Pathophysiology of ventilator-associated lung injury

Curr Opin Anaesthesiol. 2012 Apr;25(2):123-30. doi: 10.1097/ACO.0b013e32834f8c7f.


Purpose of review: Mechanical ventilation is essential for the support of critically ill patients, but may aggravate lung damage, leading to ventilator-associated lung injury (VALI). VALI results from a succession of events beginning with mechanical alteration of lung parenchyma, because of disproportionate stress and strain. The resulting structural tension initiates a biological inflammatory cascade; however, tension can reach the limits of stress, triggering the destruction of structures. This article reviews and discusses the ongoing research into the mechanisms of VALI and their implications for the management of ventilated patients.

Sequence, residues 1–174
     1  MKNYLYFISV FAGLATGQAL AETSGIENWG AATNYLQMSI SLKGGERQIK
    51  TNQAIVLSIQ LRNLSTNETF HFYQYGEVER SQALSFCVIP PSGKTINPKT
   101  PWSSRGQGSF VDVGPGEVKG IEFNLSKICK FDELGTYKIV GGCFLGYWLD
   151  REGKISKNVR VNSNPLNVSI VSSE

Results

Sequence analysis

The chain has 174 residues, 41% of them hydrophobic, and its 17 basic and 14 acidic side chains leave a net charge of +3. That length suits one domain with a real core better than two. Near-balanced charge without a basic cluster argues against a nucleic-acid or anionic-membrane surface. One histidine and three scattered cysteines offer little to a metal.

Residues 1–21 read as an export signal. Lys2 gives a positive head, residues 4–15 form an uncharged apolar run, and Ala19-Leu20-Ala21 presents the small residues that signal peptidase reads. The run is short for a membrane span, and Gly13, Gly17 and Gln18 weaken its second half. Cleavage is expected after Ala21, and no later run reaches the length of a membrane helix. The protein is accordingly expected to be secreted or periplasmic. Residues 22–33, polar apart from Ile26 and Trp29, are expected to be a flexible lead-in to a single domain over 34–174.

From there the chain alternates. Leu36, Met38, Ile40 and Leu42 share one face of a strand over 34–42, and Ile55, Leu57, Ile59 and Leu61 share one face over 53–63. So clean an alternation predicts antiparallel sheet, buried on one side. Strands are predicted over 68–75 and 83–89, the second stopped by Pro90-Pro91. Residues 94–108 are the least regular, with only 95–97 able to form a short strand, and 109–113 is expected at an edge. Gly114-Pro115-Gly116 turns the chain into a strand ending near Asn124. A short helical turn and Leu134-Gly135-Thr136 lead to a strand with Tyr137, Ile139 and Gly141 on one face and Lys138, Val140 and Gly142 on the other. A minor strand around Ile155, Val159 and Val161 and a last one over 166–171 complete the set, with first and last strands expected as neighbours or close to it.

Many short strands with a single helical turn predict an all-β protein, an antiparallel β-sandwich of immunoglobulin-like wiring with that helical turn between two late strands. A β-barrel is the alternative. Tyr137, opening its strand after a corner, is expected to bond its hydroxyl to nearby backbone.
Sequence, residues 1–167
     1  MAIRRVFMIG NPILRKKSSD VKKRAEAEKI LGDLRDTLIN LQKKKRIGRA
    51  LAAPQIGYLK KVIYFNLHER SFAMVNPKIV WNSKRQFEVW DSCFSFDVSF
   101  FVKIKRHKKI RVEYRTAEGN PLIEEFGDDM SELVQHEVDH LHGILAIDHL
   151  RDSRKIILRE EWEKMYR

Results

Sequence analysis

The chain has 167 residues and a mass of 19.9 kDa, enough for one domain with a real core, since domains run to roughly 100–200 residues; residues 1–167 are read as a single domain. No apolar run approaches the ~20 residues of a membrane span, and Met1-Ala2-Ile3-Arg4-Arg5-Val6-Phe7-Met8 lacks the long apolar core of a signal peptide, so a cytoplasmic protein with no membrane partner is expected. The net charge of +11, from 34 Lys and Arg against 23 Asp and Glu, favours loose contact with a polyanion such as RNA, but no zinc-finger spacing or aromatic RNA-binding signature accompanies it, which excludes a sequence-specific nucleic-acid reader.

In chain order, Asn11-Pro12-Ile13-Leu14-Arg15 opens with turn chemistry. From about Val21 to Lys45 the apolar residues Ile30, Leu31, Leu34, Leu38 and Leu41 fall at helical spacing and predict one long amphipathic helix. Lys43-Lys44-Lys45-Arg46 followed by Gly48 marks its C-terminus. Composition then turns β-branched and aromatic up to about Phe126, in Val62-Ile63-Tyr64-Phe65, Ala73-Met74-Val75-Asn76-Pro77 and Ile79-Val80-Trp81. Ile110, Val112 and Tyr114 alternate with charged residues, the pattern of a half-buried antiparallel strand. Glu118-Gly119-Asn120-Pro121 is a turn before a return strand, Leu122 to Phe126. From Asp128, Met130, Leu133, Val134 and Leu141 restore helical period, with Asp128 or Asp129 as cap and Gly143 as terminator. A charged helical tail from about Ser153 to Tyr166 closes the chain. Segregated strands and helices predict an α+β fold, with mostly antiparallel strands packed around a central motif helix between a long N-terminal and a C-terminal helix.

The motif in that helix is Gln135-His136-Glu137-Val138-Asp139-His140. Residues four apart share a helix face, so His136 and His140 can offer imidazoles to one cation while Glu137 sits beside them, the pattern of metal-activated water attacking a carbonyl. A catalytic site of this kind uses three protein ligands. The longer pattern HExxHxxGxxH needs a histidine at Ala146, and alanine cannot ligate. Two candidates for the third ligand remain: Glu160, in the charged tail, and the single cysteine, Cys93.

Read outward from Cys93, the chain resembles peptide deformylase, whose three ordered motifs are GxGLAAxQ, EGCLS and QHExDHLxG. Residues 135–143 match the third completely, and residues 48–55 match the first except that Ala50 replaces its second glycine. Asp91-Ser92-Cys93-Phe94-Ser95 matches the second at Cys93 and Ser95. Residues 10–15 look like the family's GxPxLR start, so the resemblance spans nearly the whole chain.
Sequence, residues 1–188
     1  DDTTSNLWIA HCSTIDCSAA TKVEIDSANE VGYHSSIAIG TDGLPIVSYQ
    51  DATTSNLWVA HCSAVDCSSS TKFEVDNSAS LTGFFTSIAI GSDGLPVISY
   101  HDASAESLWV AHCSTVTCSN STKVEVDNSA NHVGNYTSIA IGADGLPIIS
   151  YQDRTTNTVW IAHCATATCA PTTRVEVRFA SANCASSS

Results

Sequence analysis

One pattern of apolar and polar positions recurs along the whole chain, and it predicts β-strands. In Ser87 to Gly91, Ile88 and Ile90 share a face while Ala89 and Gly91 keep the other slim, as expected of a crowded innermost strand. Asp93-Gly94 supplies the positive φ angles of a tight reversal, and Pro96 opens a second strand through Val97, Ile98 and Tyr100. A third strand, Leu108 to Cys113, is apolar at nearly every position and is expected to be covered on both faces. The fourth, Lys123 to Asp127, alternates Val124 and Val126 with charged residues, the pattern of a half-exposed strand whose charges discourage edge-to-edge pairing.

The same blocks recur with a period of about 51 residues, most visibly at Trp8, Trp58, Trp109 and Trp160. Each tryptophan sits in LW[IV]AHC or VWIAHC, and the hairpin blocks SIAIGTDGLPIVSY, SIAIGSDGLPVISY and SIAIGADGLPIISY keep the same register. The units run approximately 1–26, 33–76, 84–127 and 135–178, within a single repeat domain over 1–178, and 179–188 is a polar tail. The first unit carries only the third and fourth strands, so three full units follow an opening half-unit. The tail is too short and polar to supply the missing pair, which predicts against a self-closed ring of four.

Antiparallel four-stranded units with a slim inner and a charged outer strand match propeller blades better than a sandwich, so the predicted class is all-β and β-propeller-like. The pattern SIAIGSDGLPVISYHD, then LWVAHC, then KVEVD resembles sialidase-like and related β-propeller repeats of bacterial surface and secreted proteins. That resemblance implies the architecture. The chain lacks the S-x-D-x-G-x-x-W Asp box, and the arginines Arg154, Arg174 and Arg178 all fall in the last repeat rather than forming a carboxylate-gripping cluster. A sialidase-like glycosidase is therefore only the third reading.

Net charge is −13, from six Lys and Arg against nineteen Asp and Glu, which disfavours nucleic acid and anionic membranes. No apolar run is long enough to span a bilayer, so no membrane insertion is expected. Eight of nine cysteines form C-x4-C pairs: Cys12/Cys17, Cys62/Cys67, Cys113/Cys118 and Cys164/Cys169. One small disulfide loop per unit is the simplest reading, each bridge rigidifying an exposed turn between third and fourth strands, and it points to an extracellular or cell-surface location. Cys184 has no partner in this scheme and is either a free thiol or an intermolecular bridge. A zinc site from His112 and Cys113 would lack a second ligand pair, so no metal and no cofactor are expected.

Recent findings: Several experimental and clinical studies have been performed to evaluate the contribution of pathogenic mechanical forces to organ and cellular deformation and the implications for guiding ventilator management in patients at risk for VALI. VALI may be attenuated by reducing tidal volume, but the key variable in determining pulmonary overdistension is transpulmonary pressure. Other parameters associated with the induction of VALI include positive end-expiratory pressure, inspiratory airflow and time, and respiratory frequency.

Summary: How ventilation strategy, specific mechanisms of mechanotransduction, and their individual threshold values impact on VALI remains to be elucidated. In addition, clinical studies are required to evaluate the usefulness of individualized ventilator strategies based on lung mechanics.

Publication types

  • Research Support, Non-U.S. Gov't
  • Review

MeSH terms

  • Acidosis / therapy
  • Humans
  • Hypercapnia / complications
  • Positive-Pressure Respiration
  • Prone Position
  • Ventilator-Induced Lung Injury / etiology*